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Solar PV technology owes its existence as we know it to Edmund Bequerel, Albert Einstein, and other historical figures. Today, this spirit of technological advancement and ingenuity is alive and well.
The photoelectric effect was first noted by a French physicist, Edmund Bequerel, in 1839, who found that certain materials would produce small amounts of electric current when exposed to light. In 1905, Albert Einstein described the nature of light and the photoelectric effect on which photovoltaic technology is based, for which he later won a Nobel prize in physics. The first photovoltaic module was built by Bell Laboratories in 1954. It was billed as a solar battery and was mostly just a curiosity as it was too expensive to gain widespread use. In the 1960s, the space industry began to make the first serious use of the technology to provide power aboard spacecraft. Through the space programs, the technology advanced, its reliability was established, and the cost began to decline. During the energy crisis in the 1970s, photovoltaic technology gained recognition as a source of power for non-space applications.
In this section, we salute a few of the technologists that have made this incredible journey possible, and those who have more recently joined the incredible worldwide effort that is making PV a viable competitor to existing power generating technologies.
To get a better understanding of what today’s top technologists see as the key drivers and challenges in PV today, we asked them to answer take a few questions about the major trends in the photovoltaics/solar power industry today, and key challenges facing the industry not only in terms of technology, but in economics and politics as well.
Charlie Gay, Applied Materials
Charlie Gay was named president of Applied Solar and chairman of the Applied Solar Council at Applied Materials, Inc. in 2009. Gay is also a co-founder of the Greenstar Foundation, an organization that delivers solar power and internet access for health, education and microenterprise projects to small villages in the developing world. Greenstar has been recognized for its innovation by the World Bank, the Stockholm Challenge, the Technology Empowerment Network and the Tech Museum Awards.
Gay began his career in 1975 designing solar power system components for communications satellites at Spectrolab, Inc. and later joined ARCO Solar, where he established the research and development program and led the commercialization of single crystal silicon and thin film technologies. In 1990, Gay became president and chief operating officer of Siemens Solar Industries and from 1994 to 1997, he served as director of the U.S. Department of Energy’s National Renewable Energy Laboratory, the world’s leading laboratory for energy efficiency and renewable energy research and technology. In 1997, Gay served as president and chief executive officer of ASE Americas, Inc., and in 2001 became chairman of the advisory board at SunPower Corporation.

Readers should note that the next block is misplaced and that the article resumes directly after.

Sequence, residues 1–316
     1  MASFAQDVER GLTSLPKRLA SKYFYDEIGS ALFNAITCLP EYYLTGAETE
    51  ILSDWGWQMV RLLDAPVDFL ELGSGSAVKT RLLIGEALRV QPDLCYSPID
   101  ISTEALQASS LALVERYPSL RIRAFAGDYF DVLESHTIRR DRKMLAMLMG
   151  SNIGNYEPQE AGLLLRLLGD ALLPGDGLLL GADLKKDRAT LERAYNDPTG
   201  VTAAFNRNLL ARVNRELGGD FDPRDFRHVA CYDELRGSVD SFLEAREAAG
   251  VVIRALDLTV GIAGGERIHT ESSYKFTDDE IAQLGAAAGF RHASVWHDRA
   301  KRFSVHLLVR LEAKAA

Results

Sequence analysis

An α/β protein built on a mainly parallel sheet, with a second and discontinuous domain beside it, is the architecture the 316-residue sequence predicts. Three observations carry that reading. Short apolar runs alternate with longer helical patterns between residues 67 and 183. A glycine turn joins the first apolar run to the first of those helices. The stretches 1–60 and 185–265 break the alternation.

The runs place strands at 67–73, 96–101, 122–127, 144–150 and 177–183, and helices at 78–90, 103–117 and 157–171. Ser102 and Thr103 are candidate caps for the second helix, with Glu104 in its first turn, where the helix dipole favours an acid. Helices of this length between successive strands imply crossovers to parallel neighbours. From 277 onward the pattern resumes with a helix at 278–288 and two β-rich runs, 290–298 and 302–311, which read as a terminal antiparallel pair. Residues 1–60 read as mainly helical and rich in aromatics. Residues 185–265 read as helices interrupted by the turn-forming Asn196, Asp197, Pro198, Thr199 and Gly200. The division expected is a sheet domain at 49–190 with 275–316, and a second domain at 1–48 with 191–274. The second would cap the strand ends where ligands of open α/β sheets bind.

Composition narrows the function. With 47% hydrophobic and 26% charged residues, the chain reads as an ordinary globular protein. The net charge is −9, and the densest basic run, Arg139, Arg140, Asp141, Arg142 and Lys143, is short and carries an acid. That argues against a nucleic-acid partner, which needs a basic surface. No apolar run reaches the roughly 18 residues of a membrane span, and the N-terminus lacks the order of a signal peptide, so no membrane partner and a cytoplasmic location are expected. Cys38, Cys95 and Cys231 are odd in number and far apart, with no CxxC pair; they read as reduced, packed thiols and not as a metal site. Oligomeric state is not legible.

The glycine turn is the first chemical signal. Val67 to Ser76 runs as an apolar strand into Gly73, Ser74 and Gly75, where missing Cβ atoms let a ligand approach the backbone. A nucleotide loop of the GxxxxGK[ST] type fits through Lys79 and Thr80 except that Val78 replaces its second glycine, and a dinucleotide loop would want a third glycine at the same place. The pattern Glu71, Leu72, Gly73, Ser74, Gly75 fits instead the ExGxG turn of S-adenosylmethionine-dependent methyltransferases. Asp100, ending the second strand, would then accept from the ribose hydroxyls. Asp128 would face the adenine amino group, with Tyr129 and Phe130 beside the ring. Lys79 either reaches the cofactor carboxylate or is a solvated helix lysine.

Gay has a doctorate degree in physical chemistry from the University of California, Riverside. He holds numerous patents for solar cell and module construction and is the recipient of the Gold Medal for Achievement from the World Renewable Energy Congress.
We asked Gay to answer take a few questions about what he saw as the major trends in the photovoltaics/solar power industry today, and key challenges facing the industry in terms of technology as well as economics and politics. Here’s what he said:
“As you know, I’ve been in this industry for 35 years, and I’ve seen a lot of promising starts that didn’t amount to much. This time is different: we’ve entered the zone of inflection and LCOE is competitive to gas-firing plants at 15 cents kWh, with more than 50% drop in just the last three years. It’s very, very gratifying to watch this transpire.
“Moving forward, the industry will continue to drive down cost-per-watt, largely through increasing the conversion efficiency and reducing manufacturing costs. As we advance efficiencies, we need to tighten integration of equipment, materials and process. To do this will require greater sophistication and automation for line balancing yield management, materials handling and integrated MES.
“Meanwhile, a lot has been written about China as a producer of PV wafers, cells and modules. It’s a trend we are watching unfold this year, with over 80% of new orders originating in Asia, dominated by China. They are also becoming a leading consumer of solar PV energy as the Chinese government has been active in putting a policy framework in place to emerge as a #1 consumption market.” Gay said.
As far as major technical challenges facing the photovoltaics industry moving forward, Gay said these are primarily associated with the need for higher efficiencies and increased manufacturing productivity.
“Regarding conversion efficiencies, most roadmaps are being implemented on a continuum of technical improvements. Today, using screen printing technology, innovative double printing techniques are making contact lines ever finer, minimizing the amount of light blocked from getting into the solar cell. We’ve also entered the stage of expanding the use of selective emitters, some of which are facilitated by screen printing and by new materials for forming the junction.
“We’re also seeing the back of the cell receive more attention for various kinds of back contact configurations where more reflective metallization is possible through simplified back etching of cells, and the high reflectance properties of using aluminum.